It’s no secret that pressure injuries can become incredibly serious, from deep tissue damage all the way to sepsis, resulting in death. Developing pressure sores can lead to skin damage and infection, causing injuries that are, in many cases, preventable. They also place a significant legal strain on hospitals. According to the Agency for Healthcare Research and Quality, there are more than 17,000 lawsuits filed related to pressure ulcers a year, and the pressure ulcers themselves cost between $9.1 billion and $11.6 billion a year in fees.
With unnecessary patient suffering and legal issues both at stake, it’s important to create a culture of urgency within hospitals to reduce pressure sore cases among patients. By becoming quickly aware of the issues and monitoring skin from the beginning, this is much easier to do.
Equipment for Relieving Pressure Sores
XSENSOR’s Continuous Skin Monitoring (CSM) technology is specifically geared towards helping clinicians effectively position patients to prevent dangerous pressure exposure (or elevated pressure).. By integrating hospital equipment that monitors patient skin and predicts problem areas from the outset of the stay, it’s much easier to mitigate risks and stop pressure sores before they start.
Where it Starts: The Hospital Bed
When preventing pressure sores in hospitals, hospital beds themselves are determining factors. This is where XSENSOR’s ForeSite Intelligent Surface (IS) system comes in.
The system works using either a mattress overlay or an integrated mattress for hospital beds, embedded with thousands of sensor cells that continuously monitor patient body surface pressures. A bedside monitor displays real-time pressure images and clearly identifies parts of the body under sustained elevated pressure. A turn clock tracks the time between patient repositioning, and alerts staff to adjust their rotation.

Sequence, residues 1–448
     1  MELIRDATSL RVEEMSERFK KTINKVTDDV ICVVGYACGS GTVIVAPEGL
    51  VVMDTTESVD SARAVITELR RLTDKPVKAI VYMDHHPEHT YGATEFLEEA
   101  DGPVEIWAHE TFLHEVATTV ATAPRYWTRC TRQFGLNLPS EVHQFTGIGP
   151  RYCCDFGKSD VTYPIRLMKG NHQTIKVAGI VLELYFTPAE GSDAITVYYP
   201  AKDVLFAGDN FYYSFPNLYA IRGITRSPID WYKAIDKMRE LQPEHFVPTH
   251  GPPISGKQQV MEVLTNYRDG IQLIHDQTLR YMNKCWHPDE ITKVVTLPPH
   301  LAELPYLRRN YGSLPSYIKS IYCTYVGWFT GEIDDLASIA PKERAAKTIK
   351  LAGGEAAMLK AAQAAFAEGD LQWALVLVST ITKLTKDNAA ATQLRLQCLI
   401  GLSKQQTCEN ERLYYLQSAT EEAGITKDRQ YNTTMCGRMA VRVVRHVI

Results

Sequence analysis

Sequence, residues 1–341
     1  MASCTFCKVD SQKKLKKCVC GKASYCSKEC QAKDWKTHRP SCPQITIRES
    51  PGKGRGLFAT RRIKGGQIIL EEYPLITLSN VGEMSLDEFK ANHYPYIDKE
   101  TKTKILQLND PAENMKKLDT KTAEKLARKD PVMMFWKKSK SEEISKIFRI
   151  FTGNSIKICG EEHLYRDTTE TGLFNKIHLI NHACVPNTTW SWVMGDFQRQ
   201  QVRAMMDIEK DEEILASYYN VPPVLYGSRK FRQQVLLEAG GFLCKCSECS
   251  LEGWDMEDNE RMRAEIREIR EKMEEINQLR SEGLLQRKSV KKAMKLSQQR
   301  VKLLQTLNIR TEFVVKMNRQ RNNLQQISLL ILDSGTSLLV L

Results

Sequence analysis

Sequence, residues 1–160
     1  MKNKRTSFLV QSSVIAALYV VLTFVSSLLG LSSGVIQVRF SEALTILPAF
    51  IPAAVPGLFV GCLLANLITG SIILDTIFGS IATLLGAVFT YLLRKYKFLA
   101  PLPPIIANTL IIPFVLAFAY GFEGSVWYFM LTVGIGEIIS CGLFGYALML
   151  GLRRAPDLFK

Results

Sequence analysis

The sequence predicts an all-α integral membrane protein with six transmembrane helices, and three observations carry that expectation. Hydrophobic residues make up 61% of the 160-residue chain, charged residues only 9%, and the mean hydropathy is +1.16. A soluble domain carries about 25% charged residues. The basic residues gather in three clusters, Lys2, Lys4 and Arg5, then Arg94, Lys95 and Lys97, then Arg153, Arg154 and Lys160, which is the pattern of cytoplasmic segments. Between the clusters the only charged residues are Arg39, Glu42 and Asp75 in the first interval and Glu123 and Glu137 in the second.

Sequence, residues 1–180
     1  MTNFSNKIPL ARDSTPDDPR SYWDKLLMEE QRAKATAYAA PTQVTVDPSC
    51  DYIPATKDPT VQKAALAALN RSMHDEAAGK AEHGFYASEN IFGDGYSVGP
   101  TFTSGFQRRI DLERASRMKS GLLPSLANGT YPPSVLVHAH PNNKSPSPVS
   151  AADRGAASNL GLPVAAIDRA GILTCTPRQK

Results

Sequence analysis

This, ultimately, leads to every medical professional’s goal: quality patient care and positive patient outcomes. With the support of XSENSOR’s technology, medical staff can focus on patient care where it is most needed, putting their energy into essential clinical activities, and not into preventative efforts that are unnecessary (or ineffective)—such as waking sleeping patients to rotate them, if they aren’t truly at risk of developing pressure sores.
Through providing caregivers with consistent information, XSENSOR’s ForeSite IS increases the integrity in continuity of care, helps avoid pressure ulcers from forming and may improve healing time for existing wounds to also reduce the length of hospital stays due to pressure ulcers.
The system comes with:
- An intelligent mattress overlay or an integrated mattress sensor
- 1,600 sensing points that cover a large surface area of skin
- A bedside monitor
- A disinfectable cover
Beyond improved patient outcomes, implementing this technology will improve the workload on medical staff. Equipped with insights on their patients’ skin conditions, staff will be freed up to shift their attention to demanding issues—a particularly relevant concern in light of COVID-19. Lower incidence of pressure ulcers will also lessen the load of ulcer-related patient care and administrative reporting.
In short, XSENSOR’s pressure monitoring technology is key in creating a more progressive, healthy hospital culture—one where patient outcomes (seen through the prevention of pressure sores) are positive, where staff workloads are well-managed and where medical professionals are equipped to make sound decisions. XSENSOR’s ForeSite IS should be considered by hospital administrators as an essential piece of equipment.
When choosing equipment that will consistently improve patient care, XSENSOR’s technology is indispensable. With careful designs geared specifically toward patient comfort and health, XSENSOR’s pressure sensing technology is key to preventing debilitating pressure sores in hospitals.
By improving risk assessment with XSENSOR equipment, healthcare workers are empowered to prevent pressure ulcers before they begin, saving patients from unnecessary suffering and hospitalization, and freeing up staff to focus their attention where it is most needed.